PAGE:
Thought Leadership

Homeopathy – science or nonsense?

By Colin Walls

I have some friends, a couple, who are keen tea drinkers – like many English people, of course, including myself. Whilst I am somewhat conventional and like my tea to have some flavor, they are rather odd and seem to want hot water that is barely stained brown. In a café, they will request hot water and a teabag on the side. The teabag is introduced to the water, but not long enough for a strong acquaintanceship to develop – just seconds. They can use a single teabag for 6 or more cups of tea, which is very economic.

I joked recently that what they drink is “homeopathic tea” and this got me thinking about complementary therapies …

There are numerous therapies and treatments, along with other activities in life, for which 21st Century science has no explanation. Many have been subject to research and have been unambiguously proven to not work – yet people continue to believe in them, which I find very hard to understand. There are others, that have not been debunked, but are, as yet, unexplained. This is a topic that I find very interesting.

Sadly, a lot of the scientific investigation has come at it the wrong way: it has been an attempt to prove that the practice, therapy or whatever, is useless. Instead, I feel that the research should be to try to figure out how it works. An understanding of the scientific basis for anything is helpful and commonly leads to technology that improves our lives.

A simple example is dowsing [which my late father could do quite well], which is most commonly used to find underground water. There is no real doubt that dowsing works – indeed many water companies employ professional dowsers to find pipes and water sources. It is not 100% reliable, but a good dowser is close. Only some people seem to have the talent to dowse. It would seem logical that, if we could understand how dowsing works, we might be able to make a machine that can do it reliably. There may also be previously unthought-of applications for dowsing. All that is needed is some open-minded research.

In the medical field, acupuncture is very similar: it is widely practiced and many patients report significant benefits. Unlike dowsing, acupuncture seems to be a technique that anyone can learn. However, again, some people seem to have a greater natural talent. Some appropriate research might result in automation and greater consistency in the practice.

This brings me to homeopathy, another very popular complementary/alternative therapy. The broad approach, as I understand it, is that an agent/chemical, which in significant concentrations might be dangerous/poisonous, is repeatedly diluted, before being administered to the patient. Scientist have pointed out that homeopathy cannot possibly work, because the concentration is so low that there may be no molecules of the drug present – i.e. the patient is being treated with pure water. This would suggest that the therapy should be abandoned, as it clearly does not work and any positive results must be the placebo effect. It appears to be cut and dried, until some interesting research on water was recently published. The scientists discovered that instead of being an amorphous soup of hydrogen and oxygen ions/molecules, plain old liquid water has structure. They identified quite a number of different structures. It has been hypothesized that water could thus get “imprinted” with another chemical’s molecular shape and this is how homeopathy works. This seems worthy of further study in my view.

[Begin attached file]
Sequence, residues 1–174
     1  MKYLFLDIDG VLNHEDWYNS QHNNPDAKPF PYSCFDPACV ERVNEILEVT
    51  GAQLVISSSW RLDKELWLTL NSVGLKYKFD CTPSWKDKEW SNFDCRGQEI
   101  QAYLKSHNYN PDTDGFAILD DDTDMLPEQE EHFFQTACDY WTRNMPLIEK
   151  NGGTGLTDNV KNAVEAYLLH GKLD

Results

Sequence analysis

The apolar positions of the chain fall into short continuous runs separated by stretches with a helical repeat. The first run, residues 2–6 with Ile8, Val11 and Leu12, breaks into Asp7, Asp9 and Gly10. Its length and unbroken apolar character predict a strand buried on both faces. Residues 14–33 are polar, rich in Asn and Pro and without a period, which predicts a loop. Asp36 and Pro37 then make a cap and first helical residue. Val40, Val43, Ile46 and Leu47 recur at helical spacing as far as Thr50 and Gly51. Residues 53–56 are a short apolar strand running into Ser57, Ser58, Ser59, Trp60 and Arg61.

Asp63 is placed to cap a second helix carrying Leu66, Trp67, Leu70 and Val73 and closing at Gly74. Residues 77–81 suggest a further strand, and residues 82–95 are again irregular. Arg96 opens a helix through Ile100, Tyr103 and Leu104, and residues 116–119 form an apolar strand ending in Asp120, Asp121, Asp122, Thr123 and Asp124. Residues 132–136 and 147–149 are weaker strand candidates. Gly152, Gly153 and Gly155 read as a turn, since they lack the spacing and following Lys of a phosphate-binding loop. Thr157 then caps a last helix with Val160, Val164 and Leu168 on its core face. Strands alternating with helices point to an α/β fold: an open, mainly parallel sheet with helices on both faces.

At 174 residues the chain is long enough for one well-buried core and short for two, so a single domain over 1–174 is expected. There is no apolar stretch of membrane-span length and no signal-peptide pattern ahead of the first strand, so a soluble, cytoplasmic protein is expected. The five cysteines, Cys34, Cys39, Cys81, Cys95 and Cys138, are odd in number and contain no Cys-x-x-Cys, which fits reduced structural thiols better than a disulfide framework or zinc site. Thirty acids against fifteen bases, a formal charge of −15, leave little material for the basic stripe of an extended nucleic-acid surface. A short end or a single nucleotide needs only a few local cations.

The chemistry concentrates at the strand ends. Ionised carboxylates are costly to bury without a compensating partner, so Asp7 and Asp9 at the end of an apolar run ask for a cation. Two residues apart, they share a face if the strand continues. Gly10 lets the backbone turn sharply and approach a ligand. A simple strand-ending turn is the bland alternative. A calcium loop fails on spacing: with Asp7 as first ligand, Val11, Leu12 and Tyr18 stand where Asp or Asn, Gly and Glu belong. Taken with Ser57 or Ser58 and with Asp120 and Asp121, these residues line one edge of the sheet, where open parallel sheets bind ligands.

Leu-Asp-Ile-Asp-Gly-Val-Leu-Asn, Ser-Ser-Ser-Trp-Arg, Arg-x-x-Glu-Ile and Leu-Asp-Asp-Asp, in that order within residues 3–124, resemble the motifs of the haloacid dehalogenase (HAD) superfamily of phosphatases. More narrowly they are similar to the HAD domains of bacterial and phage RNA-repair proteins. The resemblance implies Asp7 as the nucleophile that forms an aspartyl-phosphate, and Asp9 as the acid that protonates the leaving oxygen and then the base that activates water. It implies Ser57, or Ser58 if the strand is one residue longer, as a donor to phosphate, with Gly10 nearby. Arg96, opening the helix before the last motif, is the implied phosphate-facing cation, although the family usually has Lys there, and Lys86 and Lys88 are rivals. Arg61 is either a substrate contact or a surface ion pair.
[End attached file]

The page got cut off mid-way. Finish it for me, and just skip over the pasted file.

0 thoughts about “Homeopathy – science or nonsense?
  • Dear Mr. Collins,
    Congratulations on your blog. It is a very good mixture and engineering with, let’s call it, the “rest”. It shows we, engineers, can and do have other interests in life that go well beyond our work 🙂
    I’m just writing to add a short remark to this post about homeopathy. If I’m not mistaken, homeopathy is not put aside by the scientific community because its methods (i.e. dilution) seem not to be plausible. The reason why it is so violently attacked nowadays is because a massive amount of tests done by very credible institutions keeps proving that homeopathy is nothing more than a placebo. One may argue that there are tests that say otherwise but, one after the other, they have been questioned for using “less then standard” methods and, as could be expected, could not be replicated by independent authorities. The Australian government’s recently conducted an independent study to access whether or not it should go for state subsidised homeopathy treatments and the conclusion was the same as before, i.e. definitely not because it doesn’t do anything. The american FDA has also recently mandated that all homeopathic “drugs” had written on the packaging something like “The is no scientific proof that this product has any benefits”.
    So, the question is not wether or not we can explain the mechanism by which something works. In this case the problem is that is doesn’t work.
    So, how does one find out what to do? There is no magic answer but I’d say that information sources where the authors sign their articles assuming their views (much like you do here) is a good place to start. I recommend

    Best regards from a sceptic,

  • Interesting points Pedro. As I mentioned, I think that so much research has set out to prove things do not work, instead of having faith that they do [at least temporarily] and trying to work out the way that they work.

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